Apr 23, 2020
Emerging Technologies Washington Update
This week: Coronavirus response, FCC votes in favor of boosting Wi-Fi capacity, Executive Order on immigration rattles tech world.
On Tuesday, congressional leadership announced an agreement on interim relief legislation, the approximately $484 billion Paycheck Protection Program and Health Care Enhancement Act. The bill includes an additional approximately $322 billion for the Paycheck Protection Program, $60 billion for Economic Injury Disaster Loan (EIDL) program grants and loans, $75 billion for hospitals, and $25 billion for testing. The Senate passed the bill by voice vote later that day and the House is expected to follow suit today and the President has said he will sign it into law.
The House also adopted a resolution to establish a Select Subcommittee on the Coronavirus Crisis. Majority Whip Clyburn (D-SC) will chair the panel, which will review the federal government’s response to the pandemic. Republicans largely oppose the new committee, calling it redundant. The House was scheduled to consider a resolution to authorize remote voting by proxy and provide for official remote committee proceedings during a designated pandemic emergency, but amid significant opposition, Speaker Pelosi (D-CA) and Minority Leader McCarthy (R-CA) will appoint members to a bipartisan group to study the issue instead.
In addition, today House Antitrust Subcommittee Chairman Cicilline (D-RI) unveiled a plan today to institute a moratorium on mergers until the coronavirus pandemic is over. The plan would bar all mergers unless a company is already in bankruptcy or on the brink of failure until the national pandemic declaration has been lifted. Cicilline said that he will push to incorporate this plan in the next stimulus package, however its inclusion is ultimately unlikely.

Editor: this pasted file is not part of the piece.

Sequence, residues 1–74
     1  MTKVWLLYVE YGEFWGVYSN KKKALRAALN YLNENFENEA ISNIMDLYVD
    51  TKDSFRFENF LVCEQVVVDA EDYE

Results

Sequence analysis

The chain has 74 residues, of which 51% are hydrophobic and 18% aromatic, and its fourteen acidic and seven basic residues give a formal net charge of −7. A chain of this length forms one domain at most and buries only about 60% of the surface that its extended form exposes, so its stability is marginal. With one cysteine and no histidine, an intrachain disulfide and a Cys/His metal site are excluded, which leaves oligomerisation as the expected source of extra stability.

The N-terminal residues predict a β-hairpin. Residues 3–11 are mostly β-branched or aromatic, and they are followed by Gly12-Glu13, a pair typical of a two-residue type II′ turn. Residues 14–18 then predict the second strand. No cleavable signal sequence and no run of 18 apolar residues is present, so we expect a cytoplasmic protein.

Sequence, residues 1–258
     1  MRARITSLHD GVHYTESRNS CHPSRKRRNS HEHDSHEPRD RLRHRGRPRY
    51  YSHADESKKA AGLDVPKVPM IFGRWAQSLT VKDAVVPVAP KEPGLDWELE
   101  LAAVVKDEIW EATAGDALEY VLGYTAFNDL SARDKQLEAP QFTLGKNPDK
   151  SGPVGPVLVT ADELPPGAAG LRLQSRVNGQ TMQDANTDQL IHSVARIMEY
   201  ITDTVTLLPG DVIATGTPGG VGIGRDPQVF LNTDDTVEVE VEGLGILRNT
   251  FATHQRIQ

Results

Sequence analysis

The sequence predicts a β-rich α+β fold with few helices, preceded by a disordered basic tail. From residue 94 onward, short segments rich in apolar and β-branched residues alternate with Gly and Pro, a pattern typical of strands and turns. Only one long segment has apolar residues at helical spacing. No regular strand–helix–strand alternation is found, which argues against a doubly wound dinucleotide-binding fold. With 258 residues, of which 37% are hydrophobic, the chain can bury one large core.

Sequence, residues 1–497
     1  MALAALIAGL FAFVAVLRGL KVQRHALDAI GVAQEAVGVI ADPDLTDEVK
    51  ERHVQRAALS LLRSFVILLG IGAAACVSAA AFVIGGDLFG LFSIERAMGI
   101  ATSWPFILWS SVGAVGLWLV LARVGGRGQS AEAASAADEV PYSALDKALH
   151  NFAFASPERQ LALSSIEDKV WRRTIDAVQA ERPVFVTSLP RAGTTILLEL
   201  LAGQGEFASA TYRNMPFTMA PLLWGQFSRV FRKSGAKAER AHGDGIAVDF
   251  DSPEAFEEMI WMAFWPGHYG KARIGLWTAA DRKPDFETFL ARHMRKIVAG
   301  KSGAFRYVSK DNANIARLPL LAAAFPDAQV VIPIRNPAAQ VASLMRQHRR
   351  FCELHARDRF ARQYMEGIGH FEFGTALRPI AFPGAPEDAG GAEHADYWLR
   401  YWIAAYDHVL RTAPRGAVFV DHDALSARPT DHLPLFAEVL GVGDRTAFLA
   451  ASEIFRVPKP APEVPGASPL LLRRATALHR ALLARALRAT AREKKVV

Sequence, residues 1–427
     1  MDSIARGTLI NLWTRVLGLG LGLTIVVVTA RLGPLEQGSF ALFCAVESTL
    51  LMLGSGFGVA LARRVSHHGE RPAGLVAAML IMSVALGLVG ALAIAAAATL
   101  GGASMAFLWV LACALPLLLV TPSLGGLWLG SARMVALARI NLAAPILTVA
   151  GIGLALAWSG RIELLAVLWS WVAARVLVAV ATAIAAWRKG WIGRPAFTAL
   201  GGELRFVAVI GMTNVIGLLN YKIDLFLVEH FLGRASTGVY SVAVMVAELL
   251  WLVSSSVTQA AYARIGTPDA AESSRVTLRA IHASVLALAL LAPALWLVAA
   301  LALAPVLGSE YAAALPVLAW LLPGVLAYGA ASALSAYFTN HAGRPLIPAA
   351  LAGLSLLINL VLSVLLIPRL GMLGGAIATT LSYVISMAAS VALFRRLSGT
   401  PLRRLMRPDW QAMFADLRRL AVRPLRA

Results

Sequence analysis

President Trump announced on Monday that he would sign an Executive Order to temporarily suspend immigration into the United States. On Wednesday, he issued a Proclamation that is discussed below in further detail. Trump also said this week that he instructed the Secretaries of Energy and Treasury to formulate a plan to make funds available to secure the US oil and gas industry.
Elsewhere, the President and federal agencies continue to take other steps to respond to the outbreak, including, but not limited to:
- The President directed the White House Opportunity and Revitalization Council to focus its efforts on supporting distressed communities impacted by COVID-19, including identifying additional funding needed from Congress to best support minority and distressed areas.
- The Treasury Department updated Paycheck Protection Program FAQs and published guidance and FAQs for state, territorial, local, and tribal governments on accessing the Coronavirus Relief Fund.
- Treasury announced it finalized Payroll Support Program agreements with several major airlines representing nearly 95% of US airline capacity and disbursed $2.9 billion in initial payments to two major airlines and 54 smaller passenger air carriers. Treasury will make additional payments on a rolling basis. The Department also updated FAQs on the program and published the Payroll Support Program agreement.
- The Department of Agriculture (USDA) announced a 40% emergency benefit increase in monthly Supplemental Nutrition Assistance Program (SNAP) benefits.
- The Department of Education released an additional $6.2 billion for colleges and universities to provide direct emergency cash grants to students pursuant to the CARES Act. Secretary DeVos also said that colleges and universities with large endowments should not apply for CARES Act relief funds. She also called on Congress “to change the law to make sure no more taxpayer funds go to elite, wealthy institutions.”
- The Department of Health and Human Services (HHS) awarded nearly $165 million to combat the COVID-19 pandemic in rural communities. HHS also announced additional allocations of funds under the CARES Act Provider Relief Fund. $50 billion is allocated for general distribution to Medicare facilities and providers impacted by COVID-19. $10 billion is allocated for a targeted distribution to hospitals in areas that have been particularly impacted and another $10 billion for rural health clinics and hospitals. $400 million is allocated for Indian Health Services facilities.
- The Centers for Medicare and Medicaid Services (CMS) released a toolkit to help state and local healthcare decisionmakers navigate COVID-19 health workforce challenges.
- The Food and Drug Administration (FDA) authorized the first diagnostic test with a home collection option for COVID-19 through a re-issued emergency use authorization (EUA).